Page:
3. Any initial savings would quickly vanish because the voucher costs would be compounded.
    1.  It would take all of those transfers remaining in private schools and that many additional transfers occurring each year to offset the increased costs of providing vouchers for both returning and new private school enrollees.
    2. That would require increasing private school enrollment beyond anyone’s wildest projections of their capacity.


  1. Any “savings” are to the state and are almost entirely at the expense of the local school district that a transferring student leaves. 
    1. If one or two children leave a classroom, the district’s costs are barely reduced, if at all, and certainly not in proportion to the district’s loss of funds.
    2. That lost funding would still be needed to maintain the program, causing local taxpayers to have to pick up the cost, or the local district to reduce needed programs.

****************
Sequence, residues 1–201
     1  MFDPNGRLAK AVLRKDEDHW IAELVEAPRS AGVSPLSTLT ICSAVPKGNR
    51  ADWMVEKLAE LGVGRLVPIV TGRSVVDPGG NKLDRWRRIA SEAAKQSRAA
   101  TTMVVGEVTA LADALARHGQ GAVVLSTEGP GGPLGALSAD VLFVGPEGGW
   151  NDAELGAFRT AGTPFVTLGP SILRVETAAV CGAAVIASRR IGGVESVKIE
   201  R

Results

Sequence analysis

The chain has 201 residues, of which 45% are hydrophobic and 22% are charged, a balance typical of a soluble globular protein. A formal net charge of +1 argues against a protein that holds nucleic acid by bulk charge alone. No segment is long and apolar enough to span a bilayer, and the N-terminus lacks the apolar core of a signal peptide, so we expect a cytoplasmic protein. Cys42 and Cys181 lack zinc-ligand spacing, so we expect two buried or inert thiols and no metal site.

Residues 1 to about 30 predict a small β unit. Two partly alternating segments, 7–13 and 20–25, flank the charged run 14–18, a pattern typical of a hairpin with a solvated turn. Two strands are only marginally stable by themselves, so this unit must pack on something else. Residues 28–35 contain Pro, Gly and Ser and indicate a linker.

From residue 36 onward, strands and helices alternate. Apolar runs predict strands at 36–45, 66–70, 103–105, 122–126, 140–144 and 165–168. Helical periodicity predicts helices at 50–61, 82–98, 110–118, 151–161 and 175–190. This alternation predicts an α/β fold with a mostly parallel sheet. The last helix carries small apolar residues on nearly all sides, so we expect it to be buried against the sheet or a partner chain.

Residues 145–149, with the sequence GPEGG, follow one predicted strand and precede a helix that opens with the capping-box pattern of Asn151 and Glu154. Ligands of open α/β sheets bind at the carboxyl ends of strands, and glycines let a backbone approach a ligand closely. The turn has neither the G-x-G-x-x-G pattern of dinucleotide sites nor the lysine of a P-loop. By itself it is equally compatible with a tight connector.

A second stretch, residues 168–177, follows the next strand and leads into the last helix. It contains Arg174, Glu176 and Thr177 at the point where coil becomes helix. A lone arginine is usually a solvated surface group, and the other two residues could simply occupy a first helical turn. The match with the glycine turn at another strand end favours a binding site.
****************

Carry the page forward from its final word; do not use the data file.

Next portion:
• In reality, the alleged savings will become moot.
    • The stated eventual goal of the proponents is to provide vouchers for all current private school students – and home-schools are private schools under Texas law.
    • Most estimates of the total number of privately educated students in Texas run around 10% of the public school population. This equates to upwards of a half million students not currently funded by the state. At the voucher costs in the various bills this would require at least an additional $5-$6 billion per biennium. 
    • If the state does not raise additional revenue to cover this, the additional revenue required would likely come from reduced support for public schools. 
  • All “taxpayer savings” programs are nothing more than vouchers. If money that would otherwise have flowed to the state is instead diverted to a private organization that distributes the money as vouchers, that is no different than a direct state voucher payment. The only change is the entity administering the money.